Console.WriteLine(" WeakContainer cleaned up");

            }

        }

 

        #endregion

 

        private Containee _containee;

        private WeakContainer _weakContainer = null;

    }

 

 

    class Class1

    {

        /// <summary>

        /// The main entry point for the application.

        /// </summary>

        [STAThread]

        static void Main(string[] args)

        {

            (new Class1()).Run();

        }

 

        private Containee containee1, containee2;

 

        private void InvokeMe()

        {

            Console.WriteLine("Invoking");

            if (containee1 != null) containee1.DoIt();

            if (containee2 != null) containee2.DoIt();

        }

 

        public void Run()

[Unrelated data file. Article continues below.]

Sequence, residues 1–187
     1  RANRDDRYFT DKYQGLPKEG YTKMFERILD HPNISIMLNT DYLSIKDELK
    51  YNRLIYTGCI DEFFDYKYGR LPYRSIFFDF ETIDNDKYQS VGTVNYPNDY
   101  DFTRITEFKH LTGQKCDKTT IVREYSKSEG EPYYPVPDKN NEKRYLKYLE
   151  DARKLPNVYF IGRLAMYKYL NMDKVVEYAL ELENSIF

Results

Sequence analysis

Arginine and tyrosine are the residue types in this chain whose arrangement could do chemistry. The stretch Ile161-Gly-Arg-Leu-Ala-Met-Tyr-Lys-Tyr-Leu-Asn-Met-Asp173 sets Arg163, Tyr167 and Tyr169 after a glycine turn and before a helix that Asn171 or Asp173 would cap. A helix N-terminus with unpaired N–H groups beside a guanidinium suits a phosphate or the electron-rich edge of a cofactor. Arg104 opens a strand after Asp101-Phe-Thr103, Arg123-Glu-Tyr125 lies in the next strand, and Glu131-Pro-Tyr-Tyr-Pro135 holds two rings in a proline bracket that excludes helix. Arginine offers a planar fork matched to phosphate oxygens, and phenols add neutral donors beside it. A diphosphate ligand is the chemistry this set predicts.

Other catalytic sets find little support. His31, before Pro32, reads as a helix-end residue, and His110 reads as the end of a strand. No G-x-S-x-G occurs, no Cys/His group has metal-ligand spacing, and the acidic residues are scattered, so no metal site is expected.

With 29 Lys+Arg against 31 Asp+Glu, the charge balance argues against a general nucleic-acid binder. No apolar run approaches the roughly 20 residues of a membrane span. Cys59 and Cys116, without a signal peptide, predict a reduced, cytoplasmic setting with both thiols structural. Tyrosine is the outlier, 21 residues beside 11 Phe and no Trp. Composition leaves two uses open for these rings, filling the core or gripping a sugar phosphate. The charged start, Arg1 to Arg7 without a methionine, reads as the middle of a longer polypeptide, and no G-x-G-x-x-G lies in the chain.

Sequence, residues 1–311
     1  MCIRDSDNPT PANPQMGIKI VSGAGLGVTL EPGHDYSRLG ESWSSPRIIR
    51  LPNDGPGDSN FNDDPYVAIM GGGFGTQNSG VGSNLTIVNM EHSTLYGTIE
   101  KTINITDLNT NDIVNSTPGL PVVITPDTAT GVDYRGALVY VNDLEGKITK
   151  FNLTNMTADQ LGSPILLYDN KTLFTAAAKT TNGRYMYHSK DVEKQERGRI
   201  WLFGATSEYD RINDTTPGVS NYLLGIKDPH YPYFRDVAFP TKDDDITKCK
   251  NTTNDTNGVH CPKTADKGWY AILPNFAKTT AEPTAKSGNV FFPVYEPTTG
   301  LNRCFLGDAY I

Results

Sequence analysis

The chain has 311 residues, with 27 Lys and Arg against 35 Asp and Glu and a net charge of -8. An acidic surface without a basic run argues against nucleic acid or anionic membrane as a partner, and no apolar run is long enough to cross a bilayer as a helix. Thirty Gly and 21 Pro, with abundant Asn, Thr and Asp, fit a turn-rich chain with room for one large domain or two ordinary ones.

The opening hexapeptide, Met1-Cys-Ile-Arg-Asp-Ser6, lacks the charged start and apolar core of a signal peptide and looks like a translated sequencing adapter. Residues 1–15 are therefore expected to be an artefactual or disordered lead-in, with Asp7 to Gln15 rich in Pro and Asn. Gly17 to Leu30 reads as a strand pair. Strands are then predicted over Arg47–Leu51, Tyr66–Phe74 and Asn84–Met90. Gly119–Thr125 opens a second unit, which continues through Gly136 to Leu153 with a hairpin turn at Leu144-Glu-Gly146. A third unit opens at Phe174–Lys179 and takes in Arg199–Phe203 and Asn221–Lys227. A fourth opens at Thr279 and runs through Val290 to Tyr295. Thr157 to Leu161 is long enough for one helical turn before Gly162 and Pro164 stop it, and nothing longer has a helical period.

{

            containee1 = new Containee("FIRST");

            containee2 = new Containee("SECOND");

            Container container = new Container();

            container.Containee = containee1;

 

            InvokeMe();

 

            Console.WriteLine("Switching to containee2");

            container.Containee = containee2;

           

            InvokeMe();

 

            Console.WriteLine("Switching back to containee1");

            container.Containee = containee1;

            InvokeMe();

 

            Console.WriteLine("Setting container to null and GC'ing");

            container = null;

            GC.Collect();

            GC.WaitForPendingFinalizers();

           

            InvokeMe();

           

            InvokeMe();

 

            Console.ReadLine();

        }

    }

}

Finally, note that in this particular chunk of code, the diagrams above aren’t quite complete.  The missing piece is that Container maintains a strong reference to WeakContainer.  But that’s fine, it doesn’t prevent Container from going away just because Containee is still alive.  Here’s the more accurate diagram: